Switzerland Government

Switzerland is a country in Europe made up of 26 cantons; it is a federal republic extending into western, central and southern Europe. The country is bordered by Italy (south), France (west), Germany (north), and Austria and Liechtenstein (east). Switzerland covers a total area of 15,940 square miles, with the Alps occupying a large portion of the country. Its population is around eight-and-a-half million people. Switzerland also boasts two global cities and economic centres – Zürich and Geneva – and has four main linguistic regions: German, French, Italian and Romansh. The majority of the population, however, mainly speak German.

Switzerland is an extremely developed country, with the highest nominal wealth per adult in the world. It ranks near the top in terms of national performance, which is measured by government transparency, civil liberties, quality of life, economic competitiveness, and human development. Zürich is the second-ranked city on the planet in terms of quality of life.

How is government structured?

Switzerland is a democratic federal republic. There are two chambers of the Federal Assembly: the National Council and the Council of States.

The Federal Council is entrusted with executive power in the government. It is composed of seven members, elected by the Federal Assembly, who collectively make up the federal government of the Swiss Confederation. Each councillor in the Federal Council is in charge of their own executive department, with the position of Federal President rotating among them on a yearly basis (the Vice President becomes President for the following year). The current President is Alain Berset.

The judicial branch of the government is overseen by the Federal Supreme Court of Switzerland, for which the Federal Assembly elects judges.

The executive branch of the Swiss government (Federal Council) is staffed by the Federal Chancellery, which is headed-up by the Federal Chancellor, who is elected by Parliament for a four-year term, often around the same time as the Federal Council is elected. The Chancellery is split into three sectors, one of which is overseen by the Federal Chancellor himself. The other two sectors are led by Vice-Chancellors.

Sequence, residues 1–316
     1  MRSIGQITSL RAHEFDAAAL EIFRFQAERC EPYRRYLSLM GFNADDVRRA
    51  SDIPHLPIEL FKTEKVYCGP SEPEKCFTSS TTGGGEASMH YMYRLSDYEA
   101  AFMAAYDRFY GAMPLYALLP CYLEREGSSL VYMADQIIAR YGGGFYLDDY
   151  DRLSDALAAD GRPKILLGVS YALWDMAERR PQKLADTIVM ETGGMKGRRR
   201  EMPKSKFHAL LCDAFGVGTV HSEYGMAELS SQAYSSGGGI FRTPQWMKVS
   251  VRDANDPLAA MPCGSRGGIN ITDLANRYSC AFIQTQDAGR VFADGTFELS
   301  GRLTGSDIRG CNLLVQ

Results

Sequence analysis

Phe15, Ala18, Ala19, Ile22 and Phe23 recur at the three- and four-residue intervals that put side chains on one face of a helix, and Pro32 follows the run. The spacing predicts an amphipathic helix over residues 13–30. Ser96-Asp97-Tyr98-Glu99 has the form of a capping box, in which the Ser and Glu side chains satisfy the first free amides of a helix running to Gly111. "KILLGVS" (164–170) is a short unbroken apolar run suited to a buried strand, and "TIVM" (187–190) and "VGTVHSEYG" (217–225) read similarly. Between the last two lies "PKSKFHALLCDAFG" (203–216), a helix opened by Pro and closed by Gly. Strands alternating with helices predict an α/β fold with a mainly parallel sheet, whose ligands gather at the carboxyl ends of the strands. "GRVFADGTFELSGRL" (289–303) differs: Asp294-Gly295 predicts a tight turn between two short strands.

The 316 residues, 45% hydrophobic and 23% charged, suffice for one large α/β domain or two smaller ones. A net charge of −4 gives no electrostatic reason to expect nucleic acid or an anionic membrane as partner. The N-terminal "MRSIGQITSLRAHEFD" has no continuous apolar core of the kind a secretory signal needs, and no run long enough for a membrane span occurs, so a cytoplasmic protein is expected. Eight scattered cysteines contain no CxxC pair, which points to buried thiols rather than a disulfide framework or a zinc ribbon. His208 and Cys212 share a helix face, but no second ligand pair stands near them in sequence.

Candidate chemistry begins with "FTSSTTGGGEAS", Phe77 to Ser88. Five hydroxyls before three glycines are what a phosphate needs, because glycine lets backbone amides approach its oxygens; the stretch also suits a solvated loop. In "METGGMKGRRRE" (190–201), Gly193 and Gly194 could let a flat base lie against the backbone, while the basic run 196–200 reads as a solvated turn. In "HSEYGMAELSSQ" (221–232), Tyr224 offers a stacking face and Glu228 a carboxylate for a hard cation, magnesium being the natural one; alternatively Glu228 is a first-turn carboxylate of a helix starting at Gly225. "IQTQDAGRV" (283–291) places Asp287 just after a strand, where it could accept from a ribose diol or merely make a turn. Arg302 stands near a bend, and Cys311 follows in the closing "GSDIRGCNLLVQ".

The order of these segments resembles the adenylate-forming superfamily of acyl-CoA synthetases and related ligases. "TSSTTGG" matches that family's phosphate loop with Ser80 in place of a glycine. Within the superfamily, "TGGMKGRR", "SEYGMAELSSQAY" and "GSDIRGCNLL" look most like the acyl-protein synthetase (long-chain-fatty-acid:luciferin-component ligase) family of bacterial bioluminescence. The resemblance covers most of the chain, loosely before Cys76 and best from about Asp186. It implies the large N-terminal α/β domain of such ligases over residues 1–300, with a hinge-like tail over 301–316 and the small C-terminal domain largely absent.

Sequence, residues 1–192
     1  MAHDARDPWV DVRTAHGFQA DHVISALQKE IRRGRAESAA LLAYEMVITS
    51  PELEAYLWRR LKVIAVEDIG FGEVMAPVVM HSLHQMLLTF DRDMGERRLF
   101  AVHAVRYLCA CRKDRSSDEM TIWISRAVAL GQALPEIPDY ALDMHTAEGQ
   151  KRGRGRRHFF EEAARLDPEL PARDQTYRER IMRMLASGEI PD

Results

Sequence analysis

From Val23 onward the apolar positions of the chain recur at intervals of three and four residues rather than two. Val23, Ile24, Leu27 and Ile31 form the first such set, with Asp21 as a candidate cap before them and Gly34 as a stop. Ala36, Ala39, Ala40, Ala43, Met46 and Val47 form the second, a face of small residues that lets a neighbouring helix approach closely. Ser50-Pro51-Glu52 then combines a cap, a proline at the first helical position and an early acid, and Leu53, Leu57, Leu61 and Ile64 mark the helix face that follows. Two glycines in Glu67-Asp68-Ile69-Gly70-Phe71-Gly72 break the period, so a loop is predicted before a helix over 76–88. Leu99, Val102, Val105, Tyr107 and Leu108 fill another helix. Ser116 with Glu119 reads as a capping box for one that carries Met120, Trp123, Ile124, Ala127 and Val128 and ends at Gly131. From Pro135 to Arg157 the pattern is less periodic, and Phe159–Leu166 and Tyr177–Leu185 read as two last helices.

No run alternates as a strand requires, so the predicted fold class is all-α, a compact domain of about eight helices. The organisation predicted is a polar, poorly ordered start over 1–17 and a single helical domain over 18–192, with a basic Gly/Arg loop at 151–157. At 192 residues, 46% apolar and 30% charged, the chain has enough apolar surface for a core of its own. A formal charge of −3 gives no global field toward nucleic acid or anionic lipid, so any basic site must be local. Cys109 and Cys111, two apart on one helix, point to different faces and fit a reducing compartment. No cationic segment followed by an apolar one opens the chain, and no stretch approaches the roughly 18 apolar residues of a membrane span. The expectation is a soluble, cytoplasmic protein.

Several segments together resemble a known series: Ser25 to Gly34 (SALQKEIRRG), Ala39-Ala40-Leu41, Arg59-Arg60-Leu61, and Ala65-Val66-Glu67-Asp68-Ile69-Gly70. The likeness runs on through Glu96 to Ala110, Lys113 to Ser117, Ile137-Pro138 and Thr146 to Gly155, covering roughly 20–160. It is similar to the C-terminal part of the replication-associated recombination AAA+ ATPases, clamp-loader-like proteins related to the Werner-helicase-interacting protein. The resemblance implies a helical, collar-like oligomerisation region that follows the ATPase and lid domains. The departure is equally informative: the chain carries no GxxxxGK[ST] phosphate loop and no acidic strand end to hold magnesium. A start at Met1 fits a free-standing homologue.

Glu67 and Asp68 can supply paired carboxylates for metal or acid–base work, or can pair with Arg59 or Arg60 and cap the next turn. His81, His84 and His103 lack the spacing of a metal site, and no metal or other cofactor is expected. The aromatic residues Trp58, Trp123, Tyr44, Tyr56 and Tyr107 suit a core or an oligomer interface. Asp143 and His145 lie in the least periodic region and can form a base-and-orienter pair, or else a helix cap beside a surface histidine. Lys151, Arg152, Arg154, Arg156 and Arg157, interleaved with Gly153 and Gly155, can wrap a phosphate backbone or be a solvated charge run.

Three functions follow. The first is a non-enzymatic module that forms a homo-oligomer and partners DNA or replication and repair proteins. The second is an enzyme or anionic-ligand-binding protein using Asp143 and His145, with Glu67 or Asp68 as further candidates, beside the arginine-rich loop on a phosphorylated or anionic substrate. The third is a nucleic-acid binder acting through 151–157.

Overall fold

Any change in the constitution by which Switzerland is governed requires a mandatory referendum, whereas changes in the law can be dealt with by an optional referendum. The Swiss people can also present initiatives to introduce amendments to the constitution.

Who’s in charge?

The Federal Assembly elect the Federal Council for a four-year term – the present members of the Council areare: Doris Leuthard (CVP/PDC), Guy Parmelin (SVP/UDC), Ueli Maurer (SVP/UDC), Ignazio Cassis (FDP/PRD), Simonetta Sommaruga (SP/PS), Johann Schneider-Ammann (FDP/PRD) and Alain Berset (SP/PS).

The President, whose role is largely ceremonial, has very little additional responsibility above that of the other six members of the Council, but performs actions and duties similar to a President or Prime Minister in other European democracies.

The Swiss government, particularly the executive branch, is regarded as one of the most stable in the world. It has featured a coalition of four major parties since 1959, with each party retaining a number of seats in the assembly.

The legislative branch

Switzerland’s Federal Assembly, essentially the legislative branch of government, is made up of a Council of States with 46 seats (also known as the upper chamber), and a National Council with 200 seats (also known as the lower chamber). The two chambers of the Assembly are equal, which is considered perfect bicameralism, and meets to elect the seven members of the Federal Council. The members of both houses serve for 4 years in part-time roles.

Five parties in total are represented in the Federal Council: the Free Democratic Party, the Social Democratic Party, the Christian Democratic Party, the Swiss People's Party, and the Conservative Democratic Party of Switzerland.

The Judicial Branch

The Federal Supreme Court of Switzerland is composed of judges who are elected for six-year periods by the Federal Assembly. The Supreme Court exists to listen to appeals from cantonal courts, as well as the rulings of the federal administration. There is no Constitutional Court in Switzerland, and the Supreme Court has no dealings with laws enacted by parliament. The people of Switzerland take up this role themselves, making them the guardians of the constitution, over which they can exercise influence.

Switzerland Government